Wounded Veterans Trained to Catch Child Predators in an Unpaid Internship
For years, veterans have reported that they’ve encountered many difficulties in convincing civilian employers that their skills obtained while in the service translate into paying civilian jobs. A new program aimed at wounded veterans may eventually lead to a paying job. However, it is of concern that it’s in the form of a one-year unpaid internship.
CBSNews.com is reporting that there’s a new class for wounded veterans who are being trained in forensic computer analysis to catch child predators for Immigration and Customs Enforcement (ICE). It’s an unpaid internship that includes 11 weeks of “intensive” legal and computer training.
According to CBSNews.com, “The veterans work in a lab and scour the computers and flash drives that agents in the field confiscate when conducting a search warrant. The veterans have two priorities: analyze the evidence to assist in the prosecution of a suspect, and help determine if there are children still in harm’s way who need to be rescued. The veterans also are called on to help agents carry out a search warrant.”
The work is emotionally challenging: veterans are screened during the interview process for being able to look at disturbing images. They have a case manager and they’re being called once a month to make sure they’re still able to continue. The combat veterans are using their skills in being able to process the disturbing material. The vets clearly have special skills that most civilians don’t have and can’t readily be educated to have.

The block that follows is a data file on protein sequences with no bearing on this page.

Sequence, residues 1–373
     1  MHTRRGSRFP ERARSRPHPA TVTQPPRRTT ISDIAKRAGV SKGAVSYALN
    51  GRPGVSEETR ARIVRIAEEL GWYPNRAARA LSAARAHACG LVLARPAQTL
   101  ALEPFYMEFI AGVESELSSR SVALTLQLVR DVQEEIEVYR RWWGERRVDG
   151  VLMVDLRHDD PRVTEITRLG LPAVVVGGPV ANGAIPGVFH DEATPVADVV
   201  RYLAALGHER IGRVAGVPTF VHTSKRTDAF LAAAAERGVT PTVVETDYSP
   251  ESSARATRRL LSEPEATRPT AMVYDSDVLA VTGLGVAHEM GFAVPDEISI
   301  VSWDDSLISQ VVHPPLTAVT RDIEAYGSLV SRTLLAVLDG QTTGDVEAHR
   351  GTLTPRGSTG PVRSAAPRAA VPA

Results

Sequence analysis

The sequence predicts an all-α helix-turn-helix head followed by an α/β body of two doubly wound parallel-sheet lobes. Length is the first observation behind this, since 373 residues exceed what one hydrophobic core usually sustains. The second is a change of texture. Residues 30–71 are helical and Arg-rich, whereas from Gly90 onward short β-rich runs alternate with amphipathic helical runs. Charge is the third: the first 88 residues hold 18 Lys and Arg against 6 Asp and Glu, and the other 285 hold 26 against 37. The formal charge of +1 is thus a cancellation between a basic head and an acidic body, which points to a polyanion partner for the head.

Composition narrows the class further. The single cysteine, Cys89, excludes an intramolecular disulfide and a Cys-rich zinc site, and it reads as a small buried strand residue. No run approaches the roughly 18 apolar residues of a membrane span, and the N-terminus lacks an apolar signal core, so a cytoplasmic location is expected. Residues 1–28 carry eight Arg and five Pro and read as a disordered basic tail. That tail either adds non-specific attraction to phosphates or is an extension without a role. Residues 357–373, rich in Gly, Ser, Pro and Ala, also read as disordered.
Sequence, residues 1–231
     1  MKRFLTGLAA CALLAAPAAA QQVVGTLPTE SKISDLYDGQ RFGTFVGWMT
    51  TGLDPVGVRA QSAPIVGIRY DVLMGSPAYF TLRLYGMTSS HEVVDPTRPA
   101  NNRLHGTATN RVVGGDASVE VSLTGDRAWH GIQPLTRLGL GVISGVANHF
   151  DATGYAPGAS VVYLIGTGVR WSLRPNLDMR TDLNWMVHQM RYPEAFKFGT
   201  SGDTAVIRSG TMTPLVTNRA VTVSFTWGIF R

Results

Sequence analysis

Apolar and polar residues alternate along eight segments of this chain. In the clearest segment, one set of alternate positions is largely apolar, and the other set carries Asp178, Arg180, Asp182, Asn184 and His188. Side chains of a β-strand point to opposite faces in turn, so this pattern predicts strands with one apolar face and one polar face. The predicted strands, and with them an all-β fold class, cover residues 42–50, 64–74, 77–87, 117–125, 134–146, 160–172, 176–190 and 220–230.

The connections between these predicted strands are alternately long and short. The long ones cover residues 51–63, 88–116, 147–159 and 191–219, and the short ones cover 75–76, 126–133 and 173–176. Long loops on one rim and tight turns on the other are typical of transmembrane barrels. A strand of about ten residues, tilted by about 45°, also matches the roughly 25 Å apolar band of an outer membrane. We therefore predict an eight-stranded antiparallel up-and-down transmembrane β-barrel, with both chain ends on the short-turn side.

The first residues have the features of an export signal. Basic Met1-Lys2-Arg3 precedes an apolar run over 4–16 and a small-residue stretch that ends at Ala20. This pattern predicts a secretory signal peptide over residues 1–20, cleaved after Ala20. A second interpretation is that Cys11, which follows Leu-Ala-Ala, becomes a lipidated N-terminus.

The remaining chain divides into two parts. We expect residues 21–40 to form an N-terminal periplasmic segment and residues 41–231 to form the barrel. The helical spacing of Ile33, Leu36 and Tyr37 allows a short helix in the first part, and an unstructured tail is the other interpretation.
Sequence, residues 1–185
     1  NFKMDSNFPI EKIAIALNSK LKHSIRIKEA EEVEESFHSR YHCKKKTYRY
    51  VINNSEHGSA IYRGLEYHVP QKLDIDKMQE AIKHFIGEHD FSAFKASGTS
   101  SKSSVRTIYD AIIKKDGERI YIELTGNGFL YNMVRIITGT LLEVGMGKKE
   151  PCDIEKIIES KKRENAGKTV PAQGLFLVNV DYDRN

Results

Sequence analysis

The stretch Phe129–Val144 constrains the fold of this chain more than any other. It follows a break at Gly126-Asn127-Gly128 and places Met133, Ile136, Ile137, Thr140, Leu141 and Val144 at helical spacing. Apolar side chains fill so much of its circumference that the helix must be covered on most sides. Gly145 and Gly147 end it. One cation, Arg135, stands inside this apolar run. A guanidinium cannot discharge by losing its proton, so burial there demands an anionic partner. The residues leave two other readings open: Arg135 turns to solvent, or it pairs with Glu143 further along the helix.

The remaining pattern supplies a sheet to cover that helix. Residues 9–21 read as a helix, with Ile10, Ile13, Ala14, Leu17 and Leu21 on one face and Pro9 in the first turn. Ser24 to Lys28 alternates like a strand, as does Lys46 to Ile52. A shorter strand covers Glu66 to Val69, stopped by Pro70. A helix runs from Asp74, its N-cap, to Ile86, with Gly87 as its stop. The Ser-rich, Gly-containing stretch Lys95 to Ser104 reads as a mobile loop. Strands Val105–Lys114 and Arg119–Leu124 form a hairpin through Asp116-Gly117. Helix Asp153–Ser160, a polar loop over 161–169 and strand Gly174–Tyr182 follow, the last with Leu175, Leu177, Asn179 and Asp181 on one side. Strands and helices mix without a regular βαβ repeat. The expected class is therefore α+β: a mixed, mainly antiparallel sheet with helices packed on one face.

While it’s great to have wounded veterans being trained for such important work, the vets receive no compensation and aren’t even guaranteed a job at the end of this difficult year. They are doing work that frees paid employees to do other tasks. Unpaid interns in many fields are going to court across the country, winning back pay for their uncompensated work. Whether it’s doing layout work for a magazine, research for college professors, running errands for a Capitol Hill firm, etc., unpaid internships are either a “rich man’s game” or an unfair hardship for those people who must work for a living. CBSNews.com is a sad apologist when it cheerfully exclaims, “Even though they’re not getting paid by ICE, the majority of those on the team are receiving disability compensation. Many also get a monthly stipend from the Department of Veterans Affairs for educational expenses.” That’s the equivalent of a well-compensated executive saying, “She doesn’t need to be paid; she has a rich grandfather who can send her a check.” Certainly, it seems appropriate that some salary be paid to our working wounded veterans.